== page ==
Planning ahead makes all the difference
By Tim Yoder
We typically make plans for the future – for marriage, vacation, retirement. But it’s harder to prepare for the end of life.
As a funeral director, about half of the families I meet with have preplanned and prepaid funerals, saving a surviving spouse or children from significant guesswork. I often hear from someone who’s preplanning, “I am doing this so our family won’t have to.” That’s planning driven by love.
Preplanning can control expenses. Without it, decisions must be made quickly and during a highly emotional time. That’s not a good combination for making significant financial decisions. Here are preplanning ideas to consider:
- Plan with a funeral home you expect to use. Then you are working with a real person who is more likely to manage costs for you since they have a reputation to protect in the community. Mail-order life insurance for these expenses can have decreasing death benefits as you age and cost more than the death benefit you receive.
- Consider a pre-paid contract that is irrevocable, if you might use Medicaid for paying nursing home costs. Irrevocable contracts are protected from spend-downs requirements when Medicaid is paying long-term care costs. Not all states have an irrevocability rule.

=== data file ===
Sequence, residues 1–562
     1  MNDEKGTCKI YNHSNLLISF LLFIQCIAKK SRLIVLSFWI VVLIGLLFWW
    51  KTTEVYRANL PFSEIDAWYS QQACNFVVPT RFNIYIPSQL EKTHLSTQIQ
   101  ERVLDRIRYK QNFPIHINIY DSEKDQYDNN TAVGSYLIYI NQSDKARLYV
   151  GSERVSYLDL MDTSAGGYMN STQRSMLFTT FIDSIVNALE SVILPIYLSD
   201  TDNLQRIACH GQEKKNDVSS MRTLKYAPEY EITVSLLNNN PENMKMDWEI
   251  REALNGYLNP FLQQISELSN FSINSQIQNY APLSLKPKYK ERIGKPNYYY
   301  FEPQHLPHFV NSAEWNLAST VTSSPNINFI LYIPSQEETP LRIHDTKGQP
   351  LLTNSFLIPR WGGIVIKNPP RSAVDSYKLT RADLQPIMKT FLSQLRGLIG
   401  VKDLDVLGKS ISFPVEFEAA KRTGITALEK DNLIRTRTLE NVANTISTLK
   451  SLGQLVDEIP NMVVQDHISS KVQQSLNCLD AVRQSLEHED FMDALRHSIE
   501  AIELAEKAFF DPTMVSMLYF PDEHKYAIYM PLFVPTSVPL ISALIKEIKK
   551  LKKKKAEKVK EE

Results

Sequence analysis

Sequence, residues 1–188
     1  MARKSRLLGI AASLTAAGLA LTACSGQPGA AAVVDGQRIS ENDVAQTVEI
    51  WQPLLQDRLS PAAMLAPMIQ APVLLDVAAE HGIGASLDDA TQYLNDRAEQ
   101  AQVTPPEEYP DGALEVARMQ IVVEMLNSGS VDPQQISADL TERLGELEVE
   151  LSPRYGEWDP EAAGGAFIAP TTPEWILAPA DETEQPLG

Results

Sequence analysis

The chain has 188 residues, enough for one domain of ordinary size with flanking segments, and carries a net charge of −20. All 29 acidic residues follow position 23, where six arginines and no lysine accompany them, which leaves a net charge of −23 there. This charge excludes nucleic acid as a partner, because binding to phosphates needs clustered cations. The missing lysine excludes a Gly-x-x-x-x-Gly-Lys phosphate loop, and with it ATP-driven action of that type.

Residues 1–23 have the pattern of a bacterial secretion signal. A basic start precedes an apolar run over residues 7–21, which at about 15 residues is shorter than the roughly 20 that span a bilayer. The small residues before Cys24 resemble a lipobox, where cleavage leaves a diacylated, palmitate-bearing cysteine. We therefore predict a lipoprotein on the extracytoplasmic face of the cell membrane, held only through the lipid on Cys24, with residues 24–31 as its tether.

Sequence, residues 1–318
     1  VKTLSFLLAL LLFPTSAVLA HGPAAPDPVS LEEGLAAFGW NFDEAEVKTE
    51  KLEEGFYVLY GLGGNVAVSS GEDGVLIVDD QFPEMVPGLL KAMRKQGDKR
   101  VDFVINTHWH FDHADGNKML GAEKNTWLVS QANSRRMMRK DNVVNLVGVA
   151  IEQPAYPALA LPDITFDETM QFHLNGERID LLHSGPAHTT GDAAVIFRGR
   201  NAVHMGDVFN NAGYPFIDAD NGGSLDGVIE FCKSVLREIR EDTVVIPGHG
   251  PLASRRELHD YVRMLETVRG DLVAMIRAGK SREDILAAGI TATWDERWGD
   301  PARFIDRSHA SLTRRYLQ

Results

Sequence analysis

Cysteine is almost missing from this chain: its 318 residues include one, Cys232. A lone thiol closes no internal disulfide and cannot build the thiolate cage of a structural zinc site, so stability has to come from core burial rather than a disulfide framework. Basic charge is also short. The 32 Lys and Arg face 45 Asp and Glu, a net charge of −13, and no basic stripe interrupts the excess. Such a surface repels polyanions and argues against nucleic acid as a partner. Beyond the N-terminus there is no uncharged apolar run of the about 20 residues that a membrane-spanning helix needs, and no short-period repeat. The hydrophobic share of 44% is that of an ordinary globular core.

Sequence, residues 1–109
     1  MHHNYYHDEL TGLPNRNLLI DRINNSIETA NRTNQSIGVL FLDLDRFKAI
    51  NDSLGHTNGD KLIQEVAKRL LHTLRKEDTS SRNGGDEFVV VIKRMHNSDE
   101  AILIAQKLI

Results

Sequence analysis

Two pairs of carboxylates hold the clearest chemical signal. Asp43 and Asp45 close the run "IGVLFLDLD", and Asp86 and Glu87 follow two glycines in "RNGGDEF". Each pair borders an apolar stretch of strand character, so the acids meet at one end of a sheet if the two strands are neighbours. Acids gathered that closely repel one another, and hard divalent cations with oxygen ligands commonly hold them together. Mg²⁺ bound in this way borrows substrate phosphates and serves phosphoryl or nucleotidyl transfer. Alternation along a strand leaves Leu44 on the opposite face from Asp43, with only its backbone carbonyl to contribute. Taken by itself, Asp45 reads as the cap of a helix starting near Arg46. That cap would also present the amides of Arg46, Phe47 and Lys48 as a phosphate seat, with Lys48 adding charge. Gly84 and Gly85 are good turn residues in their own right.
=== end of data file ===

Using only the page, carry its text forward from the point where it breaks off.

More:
- Make sure you can transfer your funeral plan. State laws vary, so you want a transferrable plan if you might later move to Florida, for example, or in with children in another state.
I understand that people who preplan their funerals live longer. It seems a healthier route for people of faith whose hope is built on more than life on earth.
Free end-of-life guide
Everence offers a free guide on funeral-related planning, Make your wishes known: Your faith values, memories and legacy. This guide can help you make a wide range of funeral planning decisions, including your obituary and church service planning. This resource can be downloaded at Everence.com or ordered by calling (800)348-7468 ext. 3202.
Tim Yoder co-owns Yoder-Culp Funeral Home, Goshen, Ind., and is a licensed pastor with the Church of the Brethren.